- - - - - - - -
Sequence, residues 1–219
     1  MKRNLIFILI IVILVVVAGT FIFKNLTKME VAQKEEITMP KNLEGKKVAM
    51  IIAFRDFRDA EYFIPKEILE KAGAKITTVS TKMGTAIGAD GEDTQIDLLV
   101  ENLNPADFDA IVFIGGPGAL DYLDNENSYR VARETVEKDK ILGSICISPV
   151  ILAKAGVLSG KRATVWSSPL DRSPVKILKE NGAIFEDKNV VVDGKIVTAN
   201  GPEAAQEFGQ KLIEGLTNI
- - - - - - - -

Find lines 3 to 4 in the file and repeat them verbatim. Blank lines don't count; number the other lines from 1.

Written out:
    51  IIAFRDFRDA EYFIPKEILE KAGAKITTVS TKMGTAIGAD GEDTQIDLLV
   101  ENLNPADFDA IVFIGGPGAL DYLDNENSYR VARETVEKDK ILGSICISPV